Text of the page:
When I'm 64: social worker is literary hit – after 20 years of trying

Debut novel about Dickens makes second literary prize long-list

Drood, By Dan Simmons<br />The Last Dickens, By Matthew Pearl

Here are three unsolved mysteries. How did Charles Dickens intend his last novel to end? Why have we recently had a outbreak of fiction inspired by it? And, perhaps strangest of all, why do we have such an enduring interest in the secrets of the Victorians?

Sally Ledger: Victorian scholar who advanced the study of women writers and recast views of Dickens

Sally Ledger, a leading scholar in Victorian Studies and the Hildred Carlile Chair of English at Royal Holloway, died suddenly of a brain haemorrhage. She was only 47, but already had a list of impressive achievements behind her. This is a cruel loss to her family, but also to the discipline in which she excelled.

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Homeless Veterans appeal: 'You look for someone who's an inspiration and try to be like them'

Homeless Veterans appeal

In 2010, Sgt Gary Jamieson stepped on an IED in Afghanistan and lost his legs and an arm. He reveals what, and who, helped him to make a remarkable recovery
Could cannabis oil reverse the effects of cancer?

Could cannabis oil reverse effects of cancer?

As a film following six patients receiving the controversial treatment is released, Kate Hilpern uncovers a very slippery issue
The Interview movie review: You can't see Seth Rogen and James Franco's Kim Jong Un assassination film, but you can read about it here

The Interview movie review

You can't see Seth Rogen and James Franco's Kim Jong Un assassination film, but you can read about it here
Serial mania has propelled podcasts into the cultural mainstream

How podcasts became mainstream

People have consumed gripping armchair investigation Serial with a relish typically reserved for box-set binges
Jesus Christ has become an unlikely pin-up for hipster marketing companies

Jesus Christ has become an unlikely pin-up

Kevin Lee Light, aka "Jesus", is the newest client of creative agency Mother while rival agency Anomaly has launched Sexy Jesus, depicting the Messiah in a series of Athena-style poses
Rosetta space mission voted most important scientific breakthrough of 2014

A memorable year for science – if not for mice

The most important scientific breakthroughs of 2014
Christmas cocktails to make you merry: From eggnog to Brown Betty and Rum Bumpo

Christmas cocktails to make you merry

Mulled wine is an essential seasonal treat. But now drinkers are rediscovering other traditional festive tipples. Angela Clutton raises a glass to Christmas cocktails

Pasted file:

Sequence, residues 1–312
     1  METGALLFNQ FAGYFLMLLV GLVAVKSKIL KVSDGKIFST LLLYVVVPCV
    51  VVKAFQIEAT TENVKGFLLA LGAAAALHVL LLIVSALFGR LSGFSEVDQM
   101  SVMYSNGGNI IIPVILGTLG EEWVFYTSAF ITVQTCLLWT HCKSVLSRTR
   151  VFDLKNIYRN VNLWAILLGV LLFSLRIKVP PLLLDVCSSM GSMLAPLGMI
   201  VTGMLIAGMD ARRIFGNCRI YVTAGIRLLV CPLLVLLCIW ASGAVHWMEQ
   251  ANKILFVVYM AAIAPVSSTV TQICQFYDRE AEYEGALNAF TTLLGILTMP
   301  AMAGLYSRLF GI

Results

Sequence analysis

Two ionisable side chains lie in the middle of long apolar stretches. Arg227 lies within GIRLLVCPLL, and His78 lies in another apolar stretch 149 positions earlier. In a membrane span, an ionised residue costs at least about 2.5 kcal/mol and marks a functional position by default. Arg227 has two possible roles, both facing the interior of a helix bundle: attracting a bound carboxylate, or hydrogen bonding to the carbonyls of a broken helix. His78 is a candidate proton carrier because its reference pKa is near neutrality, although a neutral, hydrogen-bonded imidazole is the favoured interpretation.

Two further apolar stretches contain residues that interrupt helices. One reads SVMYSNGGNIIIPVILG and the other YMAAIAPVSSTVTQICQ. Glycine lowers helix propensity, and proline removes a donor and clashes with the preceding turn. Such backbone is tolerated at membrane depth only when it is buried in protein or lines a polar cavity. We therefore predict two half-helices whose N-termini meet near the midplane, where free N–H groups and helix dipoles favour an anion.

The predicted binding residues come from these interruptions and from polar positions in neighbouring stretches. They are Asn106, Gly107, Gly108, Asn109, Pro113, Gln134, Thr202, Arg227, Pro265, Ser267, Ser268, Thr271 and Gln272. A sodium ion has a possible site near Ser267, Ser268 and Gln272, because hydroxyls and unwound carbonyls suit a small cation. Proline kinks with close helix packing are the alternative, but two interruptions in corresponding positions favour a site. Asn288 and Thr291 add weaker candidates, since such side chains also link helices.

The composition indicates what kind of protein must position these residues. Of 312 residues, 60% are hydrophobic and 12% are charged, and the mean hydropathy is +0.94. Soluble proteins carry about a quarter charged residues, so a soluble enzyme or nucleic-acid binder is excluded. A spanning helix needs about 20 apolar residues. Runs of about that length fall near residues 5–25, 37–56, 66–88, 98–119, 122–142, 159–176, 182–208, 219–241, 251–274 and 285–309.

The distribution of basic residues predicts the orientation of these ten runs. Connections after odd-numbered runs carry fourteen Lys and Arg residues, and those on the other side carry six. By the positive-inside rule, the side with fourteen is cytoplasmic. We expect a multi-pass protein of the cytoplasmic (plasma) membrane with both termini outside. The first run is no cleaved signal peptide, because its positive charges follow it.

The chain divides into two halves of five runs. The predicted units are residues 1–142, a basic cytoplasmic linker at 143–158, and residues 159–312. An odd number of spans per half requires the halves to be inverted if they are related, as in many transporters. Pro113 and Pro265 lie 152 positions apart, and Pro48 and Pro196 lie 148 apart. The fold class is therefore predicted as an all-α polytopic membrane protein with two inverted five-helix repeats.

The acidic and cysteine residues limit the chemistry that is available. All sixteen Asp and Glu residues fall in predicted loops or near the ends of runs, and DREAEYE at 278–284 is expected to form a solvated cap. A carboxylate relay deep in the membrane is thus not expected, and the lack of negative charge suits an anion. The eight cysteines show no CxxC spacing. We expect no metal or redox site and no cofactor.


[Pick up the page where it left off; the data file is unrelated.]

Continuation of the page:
5 best activity trackers

Fitness technology: 5 best activity trackers

Up the ante in your regimen and change the habits of a lifetime with this wearable tech
Paul Scholes column: It's a little-known fact, but I have played one of the seven dwarves

Paul Scholes column

It's a little-known fact, but I have played one of the seven dwarves
Fifa's travelling circus once again steals limelight from real stars

Fifa's travelling circus once again steals limelight from real stars

Club World Cup kicked into the long grass by the continued farce surrounding Blatter, Garcia, Russia and Qatar
Frank Warren column: 2014 – boxing is back and winning new fans

Frank Warren: Boxing is back and winning new fans

2014 proves it's now one of sport's biggest hitters again
Jeb Bush vs Hillary Clinton: The power dynamics of the two first families

Jeb Bush vs Hillary Clinton

Karen Tumulty explores the power dynamics of the two first families
Stockholm is rivalling Silicon Valley with a hotbed of technology start-ups

Stockholm is rivalling Silicon Valley

The Swedish capital is home to two of the most popular video games in the world, as well as thousands of technology start-ups worth hundreds of millions of pounds – and it's all happened since 2009
Did Japanese workers really get their symbols mixed up and display Santa on a crucifix?

Crucified Santa: Urban myth refuses to die

The story goes that Japanese store workers created a life-size effigy of a smiling "Father Kurisumasu" attached to a facsimile of Our Lord's final instrument of torture
Jennifer Saunders and Kate Moss join David Walliams on set for TV adaptation of The Boy in the Dress

The Boy in the Dress: On set with the stars

Walliams' story about a boy who goes to school in a dress will be shown this Christmas